Print on demand books sell as well as their marketing makes them sell. The reason the majority of books published with print on demand don't sell well is because they are either low demand academic frontlist or trade backlist books, or, they are subsidy published and self published books from authors who don't do any effective marketing and give up after a short time. Publishers who use print on demand for their frontlist books and invest serious time and effort into marketing and producing books for which there is a market do quite well, and have very low costs. For new publishers, I believe it’s far easier to learn how to promote books published with print on demand and only move to offset later if the economics make sense.
One of the problems with traditional pre-market publication when using LSI, Replica or Booksurge for print on demand is they just tend to blow up once a year as their systems are changed. Publishers who get too clever with their timing (and I've been guilty of this myself) can end up with a bunch of orders cancelled by Amazon and no Ingram availability right when the publicity hits. I know some publishers would like to believe that potential customers will keep a good ad stuck to the refrigerator door for a couple months if the book isn't available when they go first go looking, but I have my doubts.
Learning how to promote books online requires just as much study and work as any other type of marketing. I've seen the sales increase for each one of my titles on a year-over-year basis, doubling or more in the first two years and than smoothing out some. That's the dead opposite of the traditional model, where most new books, if they get that far, don't survive the trial period on the shelves, and see the majority of their lifetime sales in the first six months. One of the reasons my sales tend to go up over time is that it takes a while for the increased visibility at places like Amazon to kick in, and word-of-mouth requires mouths. You can jumpstart your Amazon sales with paid promotions, I've never used one myself, and it also requires careful study to be cost effective. I’ve found the key to promoting books with a publisher website is very simple. You have to give away a lot, by posting major excerpts from your books and associated material. This is the only way that people who find your site will link to you as a resource. Most publishers remained terrified of doing this and just never experiment with it in depth. Websites that are essentially online advertisements for books don't attract anybody. You don't need super high numbers of visitors if excerpts are compelling enough to encourage buyers. It does take a lot of effort, but the cost is minimal if you do the work yourself, unlike say, paid advertising, where you can't.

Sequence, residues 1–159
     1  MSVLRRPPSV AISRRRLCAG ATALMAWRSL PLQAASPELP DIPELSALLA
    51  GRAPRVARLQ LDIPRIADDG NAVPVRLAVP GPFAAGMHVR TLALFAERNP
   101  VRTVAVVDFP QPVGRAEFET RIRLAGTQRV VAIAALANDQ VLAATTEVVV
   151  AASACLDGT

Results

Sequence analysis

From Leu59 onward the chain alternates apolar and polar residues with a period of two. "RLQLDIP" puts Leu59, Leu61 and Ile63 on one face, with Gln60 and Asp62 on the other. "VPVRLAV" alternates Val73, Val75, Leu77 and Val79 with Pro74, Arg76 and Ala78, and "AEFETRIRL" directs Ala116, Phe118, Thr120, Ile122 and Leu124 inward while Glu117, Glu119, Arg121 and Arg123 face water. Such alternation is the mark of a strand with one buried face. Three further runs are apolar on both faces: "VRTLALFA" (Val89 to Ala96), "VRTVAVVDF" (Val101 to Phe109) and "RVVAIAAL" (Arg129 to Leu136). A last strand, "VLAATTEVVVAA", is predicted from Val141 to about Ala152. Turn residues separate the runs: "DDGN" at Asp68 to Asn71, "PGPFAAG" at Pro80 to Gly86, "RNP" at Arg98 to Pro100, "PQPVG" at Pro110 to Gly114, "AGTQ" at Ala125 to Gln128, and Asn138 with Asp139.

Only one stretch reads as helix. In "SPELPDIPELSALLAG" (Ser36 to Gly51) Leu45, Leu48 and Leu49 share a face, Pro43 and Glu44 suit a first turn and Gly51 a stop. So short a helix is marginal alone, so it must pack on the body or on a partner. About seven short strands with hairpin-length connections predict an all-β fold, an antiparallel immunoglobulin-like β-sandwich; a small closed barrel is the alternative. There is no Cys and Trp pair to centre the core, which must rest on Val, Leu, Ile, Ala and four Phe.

When I started publishing and selling books on the web ten years ago, I thought there would be a limited window of opportunity before the web would be simply flooded with quality sites from kids who grew up online. Nothing could be farther from the truth, the quality seems to be slipping and most kids who look like they know what they are doing online are just in it for the movie and music downloads. I've helped a number of people launch sites recently, and now as ever, content is king. If you put out the best content and work at keeping it current, you'll get more readers and sell more books. Blogs offer a pretty nice content management system for those lacking design savvy, and they also help undisciplined writers add content on a regular basis.
Some people avoid trying to promote books online because a failure to attract visitors stares you in the face every day you check your metrics. Traditional advertising is far gentler on the ego. If you run an ad in a magazine or send out a big mailing and you don’t sell books, you can always find something else to blame it on. I don’t know what kind of marketing isn't hard work and doesn't take many months to come to fruition. With online marketing, the cost is measured strictly in time.